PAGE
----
Hey-ho, reader! Welcome to the fifth annual Midlife Crisis Crossover year-in-review. This unassuming site was launched on April 28, 2012, as a cathartic experiment in writing whatever came to mind without waiting for other people to start my conversations for me, and so far it’s been a fulfilling use of galleries and essays that might otherwise either languish unwritten in my head or collect endless rejection emails from every professional website ever. Sometime this spring we’ll be reaching our 1,500th entry, reflecting once more on the hundreds of man-hours expended to date on this self-expressive non-profit project, and rationalizing new excuses not to stop, even if by the time I die it’s just me and ad-bots posting harsh emojis at each other down inside the spam filter.
Once again it’s National List Month, when all of Hollywood runs down to Hallmark and buys “For Your Consideration” cards to mail out to their fifty thousand closest friends. Meanwhile on the internet, where no one sends us free stuff to buy our love, we dedicated theater-goers are forced to make up our own minds, revisit our opinions, and vote with our bullet points. It’s just this fun thing some of us love doing even though the rules are made up and the points don’t matter.
I saw twenty-six films in theaters in 2015, but five were Best Picture nominees released in 2014 and therefore disqualified from this list, even though two of them amazed me, because I’m an unreasonable stickler about dates. Also disqualified are a few 2015 indie releases I watched via the graces of Netflix as well as one recent sci-fi film I caught on Blu-ray last night. Of the remaining 21 contenders, one was a reboot, ten were sequels or continuations of long-running series, and one was arguably both depending on how you feel about time travel consequences. Call it a “bootquel”, I guess.
Hey-hey, folks! Welcome to the fourth annual Midlife Crisis Crossover year-in-review! This modest site was launched on April 28, 2012, as a cathartic experiment in writing whatever came to mind without waiting for other people to start my conversations for me, and so far it’s successfully kept me busy enough to avoid 98% of all toxic social media hubs. Sometime this winter we’ll reach our 1,200th entry, look back on these hundreds of thousands of words generated to date, and thank the Lord my fingers and brain haven’t gone numb yet.
Previously on Midlife Crisis Crossover: I came up with a recurring feature that was meant to be me jotting down capsule-sized notes about Stuff I Recently Watched on our own TV. And then I spent the last several months accumulating a backlog while finding plenty of other topics to explore instead. With 2016 a handful of hours away, I’m taking this moment to play superficial catch-up and clear the slate in case I decide to call do-over on this next year.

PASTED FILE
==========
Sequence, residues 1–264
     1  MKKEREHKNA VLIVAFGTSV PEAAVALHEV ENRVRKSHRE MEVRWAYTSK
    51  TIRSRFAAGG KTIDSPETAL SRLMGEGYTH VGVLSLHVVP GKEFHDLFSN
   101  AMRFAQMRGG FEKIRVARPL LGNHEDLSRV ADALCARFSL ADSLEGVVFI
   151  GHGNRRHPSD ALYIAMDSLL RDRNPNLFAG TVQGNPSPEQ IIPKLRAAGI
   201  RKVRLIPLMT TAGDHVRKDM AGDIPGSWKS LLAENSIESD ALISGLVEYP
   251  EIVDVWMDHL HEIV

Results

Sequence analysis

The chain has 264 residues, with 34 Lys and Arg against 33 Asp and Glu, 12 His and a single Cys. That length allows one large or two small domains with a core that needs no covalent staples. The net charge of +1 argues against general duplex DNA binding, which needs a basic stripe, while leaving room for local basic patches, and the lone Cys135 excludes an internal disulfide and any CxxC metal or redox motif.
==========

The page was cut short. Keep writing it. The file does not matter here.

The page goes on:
Many of these were made possible by the power of Netflix, for which we finally signed up in 2015 and learned to super-like. Others came from assorted sources, but many sort neatly into categories. These, then, are the films I watched at home within the past 365 days that weren’t in the last five Scorecard summaries. I’ve added notes only to those titles that spark the sharpest, most immediate memories and reactions.
Once again January is National List Month, that left-brained time of year when everyone’s last twelve months of existence must be removed from their mental filing cabinets, reexamined, and refiled in specific pecking order from Greatest to Most Grating. Here on Midlife Crisis Crossover, we enjoy our annual tradition of spending at least two posts looking back at our year in movies, trying to remember what we thought about them at the time and ultimately deciding which films can beat up which other films. When I reach that realization that my opinions sometimes change over time upon further reflection or second viewings, that’s when the process turns messy and I end up hating my own list. But internet bylaws insist it must be done. And I like lists more than I like internet bylaws.
The final tabulations reveal I saw 19 films in theaters in 2014 (tying with 2007 and 2010 as worst moviegoing years ever) and four via On Demand while they were still in limited release. This count doesn’t include seven 2013 films I attended in 2014 for Oscar-chasing purposes, or any films I watched on home video long after their theatrical run. As one sad example, this harsh rule of mine disqualifies Boyhood from the list since I just watched it via Redbox rental two nights ago. If I’d gotten out of the house for a three-hour theater visit just one more time last summer, it would’ve made my Top 3. Consider this paragraph my version of a Very Honorable Mention.
Links to past reviews and thoughts are provided for historical reference. On with the reverse countdown, then:
Hey there, supporters and strangers! Welcome to the third annual Midlife Crisis Crossover year-in-review. This modest site was launched on April 28, 2012, as a nervous experiment in writing whatever came to mind in a space to call my own, and so far it’s been a much more fulfilling pastime than lurking around message boards and tapping my foot impatiently while waiting for other fun people to discuss things I wanted to discuss. Last week saw the release of MCC’s 900th post, and so far I’m at a loss to explain exactly how that happened. I dreaded 2014 would be the year I ran out of anecdotes and opinions and jokes, but in hindsight I can’t think of a reason to let that stop me now. If this happened months ago, everybody do me a favor and don’t tell me, because the longer you let me ramble on like this, the funnier it’ll be to watch my eventual horrified epiphany.
MCC’s 2012 was a slow rise from nothingness to quantifiable somethingness. Our 2013 was about steady upward trending as I kept exploring my limitations and horizons. 2014, on the other hand, saw largely flatlined traffic except around a few key events. This peaceful plateau may be in part because 2014 was MCC’s first year without a single entry achieving the much-vaunted WordPress.com “Freshly Pressed” status, that prized occasion in which the WordPress staff shares a well-regarded work of yours with a much wider audience of fellow WordPress users. Without such a generous boost to accelerate audience growth this year, it meant trying to hold your attention with old-school methods — by keeping the content coming, by appreciating the greatest audience of all times, by digging into topics that might interest other humans besides myself, by trying not to suck, and by wishing really hard that magic search-engine genies would do all my marketing for me.